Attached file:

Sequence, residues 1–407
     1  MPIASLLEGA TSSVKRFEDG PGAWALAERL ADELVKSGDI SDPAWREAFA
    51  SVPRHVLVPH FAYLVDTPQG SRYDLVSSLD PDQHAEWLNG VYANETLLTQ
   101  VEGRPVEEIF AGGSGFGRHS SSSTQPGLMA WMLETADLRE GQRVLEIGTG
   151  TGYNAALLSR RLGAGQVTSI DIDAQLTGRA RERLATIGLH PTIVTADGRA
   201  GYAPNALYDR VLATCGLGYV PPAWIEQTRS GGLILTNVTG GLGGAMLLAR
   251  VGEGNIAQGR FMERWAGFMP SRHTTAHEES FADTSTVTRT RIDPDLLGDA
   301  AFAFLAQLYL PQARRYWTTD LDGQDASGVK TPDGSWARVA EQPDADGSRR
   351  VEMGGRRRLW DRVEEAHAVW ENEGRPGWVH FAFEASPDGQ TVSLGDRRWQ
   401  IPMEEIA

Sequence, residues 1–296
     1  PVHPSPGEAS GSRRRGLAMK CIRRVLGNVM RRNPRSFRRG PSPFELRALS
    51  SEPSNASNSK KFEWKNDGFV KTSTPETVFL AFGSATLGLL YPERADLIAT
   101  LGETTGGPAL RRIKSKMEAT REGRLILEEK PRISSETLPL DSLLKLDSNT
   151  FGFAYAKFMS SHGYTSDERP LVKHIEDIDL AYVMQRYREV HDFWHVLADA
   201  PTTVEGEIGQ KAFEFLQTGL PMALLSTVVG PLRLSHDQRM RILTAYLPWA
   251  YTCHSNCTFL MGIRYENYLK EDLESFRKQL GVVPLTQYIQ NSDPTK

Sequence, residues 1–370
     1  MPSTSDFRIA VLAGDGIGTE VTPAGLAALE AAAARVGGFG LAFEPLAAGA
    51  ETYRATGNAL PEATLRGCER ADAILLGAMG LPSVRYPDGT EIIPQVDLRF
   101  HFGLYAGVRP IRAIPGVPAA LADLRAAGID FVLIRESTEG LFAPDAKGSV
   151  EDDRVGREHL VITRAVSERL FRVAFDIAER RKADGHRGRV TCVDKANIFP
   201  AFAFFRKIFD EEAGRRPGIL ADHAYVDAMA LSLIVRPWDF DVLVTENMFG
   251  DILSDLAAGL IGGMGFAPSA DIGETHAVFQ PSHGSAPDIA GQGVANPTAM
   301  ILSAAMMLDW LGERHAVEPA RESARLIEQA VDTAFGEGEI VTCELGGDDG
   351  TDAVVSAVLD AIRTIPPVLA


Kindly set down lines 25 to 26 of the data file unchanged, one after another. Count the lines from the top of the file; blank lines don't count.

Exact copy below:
   301  ILSAAMMLDW LGERHAVEPA RESARLIEQA VDTAFGEGEI VTCELGGDDG
   351  TDAVVSAVLD AIRTIPPVLA